A group of four women of various different ethnicities. One of the women has vitiligo, a skin condition that causes loss of skin color in blotches. An artist from Missouri has created a doll with vitiligo.

The woman pictured second to the left has a skin condition called vitiligo. An artist from Missouri has crafted hand-made dolls with vitiligo to make children feel more comfortable in the skin they’re in.
Photo credit: Shutterstock

Today, not all dolls are cookie-cutter thin, blonde, and blue-eyed like Barbie. In fact, Barbie recently released a series of dolls inspired by women role-models, such as Frida Kahlo and Amelia Earhart. With the increased demand for assorted dolls that empower girls and look more like the children who play with them, it’s no wonder that artist Crystal Kay is on the rise.

Kay, who is from Missouri, upcycles porcelain dolls to promote diversity.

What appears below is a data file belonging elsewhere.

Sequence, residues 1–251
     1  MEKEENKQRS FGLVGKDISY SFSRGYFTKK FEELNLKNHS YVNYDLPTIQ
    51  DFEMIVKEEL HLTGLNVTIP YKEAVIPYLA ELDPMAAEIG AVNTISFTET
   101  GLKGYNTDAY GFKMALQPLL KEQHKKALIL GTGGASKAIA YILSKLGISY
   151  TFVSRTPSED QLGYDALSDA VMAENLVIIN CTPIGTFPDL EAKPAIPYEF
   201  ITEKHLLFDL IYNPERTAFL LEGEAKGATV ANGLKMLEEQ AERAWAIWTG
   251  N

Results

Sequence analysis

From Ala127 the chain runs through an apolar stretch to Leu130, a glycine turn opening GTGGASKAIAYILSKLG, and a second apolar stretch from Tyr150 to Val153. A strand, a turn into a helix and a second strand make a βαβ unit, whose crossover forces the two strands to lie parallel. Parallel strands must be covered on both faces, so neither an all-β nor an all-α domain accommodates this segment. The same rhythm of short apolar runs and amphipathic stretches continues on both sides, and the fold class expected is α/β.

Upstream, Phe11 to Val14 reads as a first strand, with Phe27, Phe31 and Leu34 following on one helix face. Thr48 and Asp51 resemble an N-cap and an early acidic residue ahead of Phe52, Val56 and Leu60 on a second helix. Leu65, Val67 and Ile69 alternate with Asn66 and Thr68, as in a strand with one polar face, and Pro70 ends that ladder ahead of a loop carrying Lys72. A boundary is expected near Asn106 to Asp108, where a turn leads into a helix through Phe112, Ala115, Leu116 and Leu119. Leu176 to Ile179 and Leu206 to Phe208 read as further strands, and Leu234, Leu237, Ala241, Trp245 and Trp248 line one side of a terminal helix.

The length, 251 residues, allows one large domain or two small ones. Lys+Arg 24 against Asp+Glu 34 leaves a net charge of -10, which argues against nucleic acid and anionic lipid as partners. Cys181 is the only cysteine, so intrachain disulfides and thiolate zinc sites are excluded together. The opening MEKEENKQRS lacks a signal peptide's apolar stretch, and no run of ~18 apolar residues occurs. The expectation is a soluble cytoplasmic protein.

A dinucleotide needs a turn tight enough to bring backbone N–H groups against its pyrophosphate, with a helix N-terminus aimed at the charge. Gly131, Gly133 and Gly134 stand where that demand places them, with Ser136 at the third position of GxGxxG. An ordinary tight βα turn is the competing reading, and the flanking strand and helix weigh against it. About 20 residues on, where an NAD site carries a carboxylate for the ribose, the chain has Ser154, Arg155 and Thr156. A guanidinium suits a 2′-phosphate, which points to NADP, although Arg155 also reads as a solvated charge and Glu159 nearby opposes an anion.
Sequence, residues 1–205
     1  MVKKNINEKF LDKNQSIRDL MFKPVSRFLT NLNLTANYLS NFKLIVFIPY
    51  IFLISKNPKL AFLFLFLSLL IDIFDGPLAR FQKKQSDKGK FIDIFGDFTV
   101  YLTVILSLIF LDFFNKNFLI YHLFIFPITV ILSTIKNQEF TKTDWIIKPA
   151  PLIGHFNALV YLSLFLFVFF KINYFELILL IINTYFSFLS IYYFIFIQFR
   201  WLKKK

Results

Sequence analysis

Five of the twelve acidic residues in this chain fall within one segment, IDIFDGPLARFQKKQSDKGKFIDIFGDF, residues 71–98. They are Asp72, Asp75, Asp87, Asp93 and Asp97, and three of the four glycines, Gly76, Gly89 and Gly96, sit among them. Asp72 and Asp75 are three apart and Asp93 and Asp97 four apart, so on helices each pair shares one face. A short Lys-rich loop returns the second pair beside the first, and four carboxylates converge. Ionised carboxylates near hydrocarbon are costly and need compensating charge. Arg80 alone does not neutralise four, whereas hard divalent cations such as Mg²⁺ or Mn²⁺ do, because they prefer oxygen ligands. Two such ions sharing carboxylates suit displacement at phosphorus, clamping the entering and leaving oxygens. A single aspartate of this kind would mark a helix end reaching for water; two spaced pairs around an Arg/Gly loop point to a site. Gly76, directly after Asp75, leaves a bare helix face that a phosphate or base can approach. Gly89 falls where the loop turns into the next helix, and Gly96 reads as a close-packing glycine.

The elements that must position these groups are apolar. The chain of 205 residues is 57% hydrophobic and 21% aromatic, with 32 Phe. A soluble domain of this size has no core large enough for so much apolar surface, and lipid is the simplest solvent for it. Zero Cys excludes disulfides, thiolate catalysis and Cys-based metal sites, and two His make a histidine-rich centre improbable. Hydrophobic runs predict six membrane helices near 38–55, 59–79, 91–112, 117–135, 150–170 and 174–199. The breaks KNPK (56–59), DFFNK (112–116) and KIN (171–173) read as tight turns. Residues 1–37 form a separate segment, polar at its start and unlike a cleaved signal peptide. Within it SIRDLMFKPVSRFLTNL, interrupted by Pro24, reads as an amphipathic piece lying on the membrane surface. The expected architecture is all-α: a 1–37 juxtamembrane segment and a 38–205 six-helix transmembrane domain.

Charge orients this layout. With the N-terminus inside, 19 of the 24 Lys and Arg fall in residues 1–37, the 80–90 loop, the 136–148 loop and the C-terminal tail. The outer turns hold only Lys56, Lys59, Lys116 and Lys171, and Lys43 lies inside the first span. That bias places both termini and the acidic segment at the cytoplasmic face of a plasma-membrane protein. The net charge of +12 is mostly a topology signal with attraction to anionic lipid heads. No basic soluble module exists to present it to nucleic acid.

Originally a nail artist and hair stylist, Kay started working with other mediums years ago after starting “Kay Customz,” a side-project where she sold handmade Afro-centric jewelry. However, when her 10-year-old daughter was getting rid of some of her old dolls, Kay was inspired to refurbish them.

Kay’s refurbished dolls come in all shapes, sizes, skin tones, and more. The small town artist even paints them to reflect natural skin marks and conditions such as birthmarks, freckles, and albinism. But perhaps the best-selling one is the vitiligo doll.

What began as a one-off idea has made Kay Instagram famous with over 22,000 followers, landed her interviews with top U.S. magazines, and sparked interest from celebrities such as Mike Epps and Tia Mowry.

“I want to create dolls that any and everyone can relate to,” said Kay in an interview with Mashable. “I see beauty in everyday life. I wanted to convey the message that beauty should not be manufactured.”

While some of the dolls take only 2-3 hours to upcycle, the more intricate ones take up to 2-3 days. They currently sell for $125 and up, but Kay is also collecting donations on her GoFundMe with a goal of $30,000 to put the special ones into mass production.

While the artist might feel like her dreams are still far off, Mashable writer Chelsea Candelario writes, “Crystal Kaye might be closer to her goal than she thinks.”